House of Cards isn't free. You just have some freeloaders who are too cheap to pay $8 a month pirating it while others pay for the series to get made. Yeah, I guess it is kind of clever to get other people to pay for your entertainment, but being too cheap to pay for Netflix isn't exactly something to brag about in my opinion.

/Hey pirate if you want, but bragging about it is just tacky in my opinion
 
2014-03-04 12:59:39 AM  

Mad_Radhu: Dow Jones and the Temple of Doom: Netflix and cable companies should just be grateful that anyone is still even willing to pay them anything considering what they provide is available for free.

House of Cards isn't free. You just have some freeloaders who are too cheap to pay $8 a month pirating it while others pay for the series to get made. Yeah, I guess it is kind of clever to get other people to pay for your entertainment, but being too cheap to pay for Netflix isn't exactly something to brag about in my opinion.

/Hey pirate if you want, but bragging about it is just tacky in my opinion


And Orange is the New Black made me channel my inner lesbo.
 
2014-03-04 01:10:19 AM  
I've read a lot about this and I still can't shake the feeling that Netflix was shaken down.
 
2014-03-04 02:34:27 AM  

jmr61: DamnYankees: Oh, no, Netflix might want to make money? How dare they.

Shut the fark up, submitter. It's a farking business, and they are awesome and worth every penny.

Screw Netflix. I was a loyal customer up until 4 years ago or so when they decided to raise the cost of their service overnight by 50% and think I was going to take it.

Sent their CEO a letter and told them to shove it.

I have alternatives and I was never going to accept that.


I'm sure Reed Hastings lies awake at night wondering what he could have possibly done differently to keep a customer that is too cheap to spend $8/month for unlimited library access.  I bet you also complained about how you could never find enough good movies and shows while you were a "loyal customer."

/content is extremely, extremely expensive
 
2014-03-04 04:01:11 AM  

DamnYankees: Oh, no, Netflix might want to make money? How dare they.

Shut the fark up, submitter. It's a farking business, and they are awesome and worth every penny.


Yeah but it's Comcast. You'd have better luck selling the "improve subscriber experience" line if you teamed up with an autistic thirty year old with a ham radio and a bag of cats. Nobody's got a problem with wanting to make money but the constant transparent lying is tiresome and insulting. Until people cut that shiat out, they deserve to be mocked.
 
2014-03-04 06:12:03 AM  

oukewldave: I wonder how long until Netflix starts playing commercials during shows, like hulu.  start with 15 seconds, increase to 30 seconds, then a minute, then 2 minutes then perhaps longer now?  I dont know, I stopped watching Hulu because of it.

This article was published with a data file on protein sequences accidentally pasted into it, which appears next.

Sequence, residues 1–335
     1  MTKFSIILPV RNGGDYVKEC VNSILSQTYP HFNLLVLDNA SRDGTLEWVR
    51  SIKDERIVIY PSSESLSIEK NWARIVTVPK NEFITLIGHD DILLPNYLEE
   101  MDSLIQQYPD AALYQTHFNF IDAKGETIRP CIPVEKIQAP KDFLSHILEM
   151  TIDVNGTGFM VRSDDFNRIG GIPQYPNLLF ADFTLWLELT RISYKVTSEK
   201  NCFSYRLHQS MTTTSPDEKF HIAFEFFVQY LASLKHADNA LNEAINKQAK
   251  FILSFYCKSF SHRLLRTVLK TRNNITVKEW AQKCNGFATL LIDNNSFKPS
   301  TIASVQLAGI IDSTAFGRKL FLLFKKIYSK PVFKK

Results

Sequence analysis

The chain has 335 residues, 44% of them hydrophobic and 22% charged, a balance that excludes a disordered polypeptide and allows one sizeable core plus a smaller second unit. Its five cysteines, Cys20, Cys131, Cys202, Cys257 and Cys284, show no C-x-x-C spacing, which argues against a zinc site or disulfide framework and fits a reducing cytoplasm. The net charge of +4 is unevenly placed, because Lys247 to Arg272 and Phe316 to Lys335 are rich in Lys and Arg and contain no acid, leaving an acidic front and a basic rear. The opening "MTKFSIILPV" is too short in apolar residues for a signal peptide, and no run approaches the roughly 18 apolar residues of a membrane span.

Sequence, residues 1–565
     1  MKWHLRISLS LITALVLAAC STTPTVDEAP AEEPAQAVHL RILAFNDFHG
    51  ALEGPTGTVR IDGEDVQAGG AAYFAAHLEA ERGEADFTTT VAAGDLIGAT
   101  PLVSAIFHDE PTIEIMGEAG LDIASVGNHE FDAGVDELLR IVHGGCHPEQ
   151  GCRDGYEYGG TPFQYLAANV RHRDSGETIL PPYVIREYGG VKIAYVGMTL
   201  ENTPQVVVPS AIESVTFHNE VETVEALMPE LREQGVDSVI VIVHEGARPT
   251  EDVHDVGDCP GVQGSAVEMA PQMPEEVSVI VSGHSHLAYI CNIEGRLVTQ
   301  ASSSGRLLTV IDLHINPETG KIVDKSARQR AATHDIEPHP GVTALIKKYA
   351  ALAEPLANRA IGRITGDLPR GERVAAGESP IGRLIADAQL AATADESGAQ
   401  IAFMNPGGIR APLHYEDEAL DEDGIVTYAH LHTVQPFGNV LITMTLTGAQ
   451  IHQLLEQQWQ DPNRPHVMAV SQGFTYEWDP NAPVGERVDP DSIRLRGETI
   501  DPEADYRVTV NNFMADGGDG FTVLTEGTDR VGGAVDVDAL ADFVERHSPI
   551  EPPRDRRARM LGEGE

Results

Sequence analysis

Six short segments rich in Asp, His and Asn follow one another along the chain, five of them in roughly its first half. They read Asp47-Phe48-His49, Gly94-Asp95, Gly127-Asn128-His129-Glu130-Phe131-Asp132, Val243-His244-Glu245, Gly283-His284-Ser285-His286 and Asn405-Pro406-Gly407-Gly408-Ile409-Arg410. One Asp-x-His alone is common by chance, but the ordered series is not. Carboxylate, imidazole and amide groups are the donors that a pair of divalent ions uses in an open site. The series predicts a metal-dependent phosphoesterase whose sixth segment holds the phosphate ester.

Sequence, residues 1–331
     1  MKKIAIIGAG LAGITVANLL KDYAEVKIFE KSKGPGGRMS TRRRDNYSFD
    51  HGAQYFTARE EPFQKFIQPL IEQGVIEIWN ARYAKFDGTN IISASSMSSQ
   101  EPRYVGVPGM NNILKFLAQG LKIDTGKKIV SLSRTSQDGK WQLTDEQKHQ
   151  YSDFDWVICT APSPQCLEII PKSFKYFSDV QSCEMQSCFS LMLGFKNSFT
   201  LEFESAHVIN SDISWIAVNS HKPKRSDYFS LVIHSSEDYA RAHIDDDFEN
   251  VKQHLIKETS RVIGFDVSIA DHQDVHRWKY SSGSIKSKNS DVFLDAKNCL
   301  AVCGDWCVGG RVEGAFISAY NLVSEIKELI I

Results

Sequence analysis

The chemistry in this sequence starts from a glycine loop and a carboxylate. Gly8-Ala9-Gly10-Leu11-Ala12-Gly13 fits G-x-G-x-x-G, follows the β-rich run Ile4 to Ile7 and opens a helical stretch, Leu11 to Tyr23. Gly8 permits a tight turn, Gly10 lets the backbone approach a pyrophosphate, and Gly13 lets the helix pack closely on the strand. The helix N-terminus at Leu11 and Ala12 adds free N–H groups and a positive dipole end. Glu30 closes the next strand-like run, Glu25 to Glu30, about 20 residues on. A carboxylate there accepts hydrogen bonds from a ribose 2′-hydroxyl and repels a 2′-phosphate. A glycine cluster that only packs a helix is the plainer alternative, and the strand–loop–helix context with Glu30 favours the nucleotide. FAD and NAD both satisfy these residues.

I didn't the same thing
 
2014-03-04 06:27:56 AM  

shanrick: [i.imgur.com image 500x514]



came for this guy.
 
2014-03-04 07:09:27 AM  
I did the same thing.
 
2014-03-04 07:37:56 AM  

theflatline: How long before Comcast is able to offer you their own gateway straight into Netflix for only 5 bucks extra a month?  That is where Netflix is heading.  Bundled in with your cable bill.


If by "Bundled with" you mean "only available as part of a tier filled with crap you don't want" then I bet it won't be long. Tiers and packages are the entire reason I cut the cord in the first place.

/so, how do I drive my entire internet connection through a vpn? Do I need a gateway computer between everything on the network and the modem?
 
2014-03-04 09:23:50 AM  

Far Cough: But...

But...

I already pay my ISP for my Internet service.

And I pay Netflix for content.

Why the fark are my Netflix dollars getting kicked back to my ISP? My pipe's paid for; gimme bandwidth you dissembling farkwads.

I thought the whole point of peering was that money only rarely need change hands.

Damn net neutrality was killed in the manger?


Netflix needs to pay somebody to carry their bandwidth. Previously, they were paying Cogent to reach Comcast customers.  Now they're paying Comcast.  Nothing has changed except for the company carrying the data.

And the reason peering works without money changing hands is because the amount of data being uploaded and downloaded is roughly the same.  With Netflix, it's not, because their downstream demands are much higher than their upstream demands.  So now they've cut out the middleman and gone straight to Comcast to deliver their content.  This is a much smaller deal than most people are making it out to be.